Major Hurdle in Consumer Lawsuit Against DIRECTV For Early Cancellation Penalties

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Los Angeles Superior Judge Emilie Elias issued a ruling certifying a California class action last Friday in a suit filed in September 2008 on behalf of DIRECTV customers who were charged a cancellation penalty when they cancelled service. The complaint alleges that DIRECTV applied its unlawful penalty provision to all of its customers, including, in some cases, customers who terminated because the satellite equipment stopped working or they were no longer able to receive service when they moved.

“This type of business practice is a direct violation of California’s consumer protection laws. The court’s ruling certifying the class is a step towards achieving justice for DIRECTV customers , ” said Attorney Ingrid M. Evans, The Evans Law Firm, SF.

A lawsuit for California DIRECTV customers represented by The Evans Law Firm, Consumer Watchdog, the Law Offices of Edie Mermelstein, Milstein Adelman and Sprenger +Lang by DIRECTV customers who were alleged to have been illegally charged “early cancellation penalties” – fees of up to $480 – has been granted “class action” status by a California court, potentially leading to millions of dollars in refunds. DIRECTV is the largest satellite TV provider in the U.S. with over 16 million customers, and its principal place of business is located in El Segundo, California.

Los Angeles Superior Judge Emilie Elias issued the ruling last Friday in a suit filed in September 2008 on behalf of DIRECTV customers who were charged a cancellation penalty when they cancelled service. The complaint alleges that DIRECTV applied its unlawful penalty provision to all of its customers, including, in some cases, customers who terminated because the satellite equipment stopped working or they were no longer able to receive service when they moved. The complaint also alleges that in other cases, DIRECTV would unilaterally extend a consumer’s "programming commitment" by a year or two if malfunctioning equipment needed to be replaced or the customer decided to upgrade receivers and then charge the fee if the customer stopped service after that. In some cases, according to the suit, DIRECTV took the fees from their customers’ bank or credit card accounts without their permission.

The lawsuit alleges that the fees are illegal under California’s consumer protection laws. In addition to arguing that its cancellation penalties are legal, DIRECTV claimed that the company’s recent “settlement” with the Attorneys General of California and other states resolved the plaintiffs’ complaints. The court rejected that argument, specifically noting that the Attorney General settlement did not bar DIRECTV from applying the cancellation fee in the future. See Court's Order issued April 20, 2011, Los Angeles Superior Court Case No. BC398295 (attached to this release).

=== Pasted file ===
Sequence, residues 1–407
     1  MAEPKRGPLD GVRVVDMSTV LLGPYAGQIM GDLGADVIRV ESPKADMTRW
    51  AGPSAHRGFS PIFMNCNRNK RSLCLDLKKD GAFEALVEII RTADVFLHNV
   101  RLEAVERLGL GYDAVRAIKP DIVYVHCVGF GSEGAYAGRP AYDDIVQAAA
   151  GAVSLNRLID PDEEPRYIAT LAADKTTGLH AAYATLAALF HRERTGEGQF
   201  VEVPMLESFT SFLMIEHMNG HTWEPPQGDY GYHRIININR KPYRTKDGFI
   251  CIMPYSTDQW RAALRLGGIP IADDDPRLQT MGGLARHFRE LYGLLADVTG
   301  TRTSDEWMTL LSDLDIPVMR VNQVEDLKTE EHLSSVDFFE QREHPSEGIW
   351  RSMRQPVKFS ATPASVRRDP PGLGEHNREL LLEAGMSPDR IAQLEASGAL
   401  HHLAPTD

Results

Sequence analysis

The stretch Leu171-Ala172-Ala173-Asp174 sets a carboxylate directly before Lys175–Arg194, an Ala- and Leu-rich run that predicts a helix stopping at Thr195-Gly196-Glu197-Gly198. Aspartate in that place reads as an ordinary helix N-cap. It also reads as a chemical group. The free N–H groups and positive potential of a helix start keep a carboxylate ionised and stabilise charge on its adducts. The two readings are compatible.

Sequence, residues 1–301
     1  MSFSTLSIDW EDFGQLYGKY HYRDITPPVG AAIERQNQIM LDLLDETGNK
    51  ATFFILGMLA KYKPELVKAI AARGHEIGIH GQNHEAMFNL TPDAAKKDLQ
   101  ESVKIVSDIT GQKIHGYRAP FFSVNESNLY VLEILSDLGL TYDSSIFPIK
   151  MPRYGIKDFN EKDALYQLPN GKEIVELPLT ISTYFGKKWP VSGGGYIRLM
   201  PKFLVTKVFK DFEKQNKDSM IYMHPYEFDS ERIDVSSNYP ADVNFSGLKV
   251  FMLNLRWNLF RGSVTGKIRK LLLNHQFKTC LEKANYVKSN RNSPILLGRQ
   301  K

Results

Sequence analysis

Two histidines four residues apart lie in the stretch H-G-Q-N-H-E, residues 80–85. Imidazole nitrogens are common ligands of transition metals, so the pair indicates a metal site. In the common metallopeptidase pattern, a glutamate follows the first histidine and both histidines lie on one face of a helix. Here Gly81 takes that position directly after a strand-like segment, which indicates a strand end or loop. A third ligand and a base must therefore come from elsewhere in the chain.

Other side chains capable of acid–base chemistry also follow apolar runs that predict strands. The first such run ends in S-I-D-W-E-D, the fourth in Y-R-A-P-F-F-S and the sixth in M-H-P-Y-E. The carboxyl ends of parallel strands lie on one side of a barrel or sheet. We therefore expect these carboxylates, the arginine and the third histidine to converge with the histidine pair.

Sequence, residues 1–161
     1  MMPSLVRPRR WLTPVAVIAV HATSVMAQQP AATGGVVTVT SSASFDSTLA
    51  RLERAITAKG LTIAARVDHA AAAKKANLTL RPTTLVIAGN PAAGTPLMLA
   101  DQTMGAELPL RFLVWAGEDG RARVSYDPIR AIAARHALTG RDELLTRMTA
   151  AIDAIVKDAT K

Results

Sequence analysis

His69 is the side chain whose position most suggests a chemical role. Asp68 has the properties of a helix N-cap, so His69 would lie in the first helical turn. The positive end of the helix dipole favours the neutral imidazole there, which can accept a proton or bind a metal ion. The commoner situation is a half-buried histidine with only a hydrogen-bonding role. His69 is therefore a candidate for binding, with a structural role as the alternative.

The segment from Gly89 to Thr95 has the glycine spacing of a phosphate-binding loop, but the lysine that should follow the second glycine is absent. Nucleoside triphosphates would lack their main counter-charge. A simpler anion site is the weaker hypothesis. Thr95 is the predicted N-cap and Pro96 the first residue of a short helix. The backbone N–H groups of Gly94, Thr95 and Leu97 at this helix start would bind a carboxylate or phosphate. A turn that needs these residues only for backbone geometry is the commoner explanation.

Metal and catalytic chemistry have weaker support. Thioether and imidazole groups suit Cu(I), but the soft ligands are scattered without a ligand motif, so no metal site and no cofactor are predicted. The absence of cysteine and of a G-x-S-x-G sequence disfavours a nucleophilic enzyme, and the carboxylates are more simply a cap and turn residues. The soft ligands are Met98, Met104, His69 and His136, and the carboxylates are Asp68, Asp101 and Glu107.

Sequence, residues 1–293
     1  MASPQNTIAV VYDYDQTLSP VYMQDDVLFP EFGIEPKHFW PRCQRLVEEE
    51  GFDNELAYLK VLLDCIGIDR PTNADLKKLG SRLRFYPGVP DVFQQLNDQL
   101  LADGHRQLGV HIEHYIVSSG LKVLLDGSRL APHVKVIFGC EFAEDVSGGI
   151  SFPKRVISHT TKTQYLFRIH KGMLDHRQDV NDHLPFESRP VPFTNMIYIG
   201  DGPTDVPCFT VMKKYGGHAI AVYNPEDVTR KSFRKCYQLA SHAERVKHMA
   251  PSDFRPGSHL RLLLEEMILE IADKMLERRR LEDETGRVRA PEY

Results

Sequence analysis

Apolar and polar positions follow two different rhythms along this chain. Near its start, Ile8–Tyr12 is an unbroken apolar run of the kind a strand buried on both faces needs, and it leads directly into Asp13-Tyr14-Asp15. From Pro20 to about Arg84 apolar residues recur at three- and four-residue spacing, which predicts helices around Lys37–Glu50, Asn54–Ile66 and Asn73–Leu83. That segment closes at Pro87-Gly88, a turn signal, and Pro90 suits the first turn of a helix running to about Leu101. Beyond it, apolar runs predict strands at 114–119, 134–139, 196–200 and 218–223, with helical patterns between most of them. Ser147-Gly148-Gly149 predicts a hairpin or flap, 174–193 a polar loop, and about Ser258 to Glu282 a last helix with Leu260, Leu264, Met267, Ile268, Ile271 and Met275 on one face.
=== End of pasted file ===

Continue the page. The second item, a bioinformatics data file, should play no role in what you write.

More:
“We have alleged in the complaint that this type of business practice is a direct violation of California’s consumer protection laws. The court’s ruling certifying the class is a step towards achieving justice for DIRECTV customers that were charged an illegal penalty,” said Ingrid M. Evans of The Evans Law Firm, San Francisco, CA, one of the attorneys for the plaintiffs.

Another attorney for the plaintiffs, Pamela Pressley of Consumer Watchdog said, “DIRECTV’s cancellation penalties were designed to hold their customers hostage and keep them from switching to other companies even when they could no longer receive the service because of faulty equipment or because they moved. Now, after nearly three years of delaying tactics by DIRECTV, its California customers will finally have their day in court to seek refunds and to stop DIRECTV’s improper cancellation penalties.”

Certifying the case as a “class action” means that all California consumers who were victimized by DIRECTV’s alleged unlawful actions and do not choose to opt out of the action will be represented in the litigation.

Ingrid M. Evans, of the Evans Law Firm (http://www.evanslaw.com), San Francisco, CA and Sprenger + Lang, PLLC, Washington DC represent Plaintiff Amy Imburgia, a California resident who in 2008 filed the first California State court class action lawsuit under California’s Unfair Competition Law and Consumer Legal Remedies Act. The Lawsuit was filed in Los Angeles Superior Court Case No. BC398295.

This action was later consolidated with a related action brought by Consumer Watchdog (http://www.consumerwatchdog.org), the Law Offices of Edie Mermelstein and Milstein Adelman, LLP and on behalf Long Beach resident Kathy Greiner. Similar suits were filed in federal courts throughout the country. They have since been consolidated in one federal court, the Central District of California, Southern Division, located in Santa Ana.

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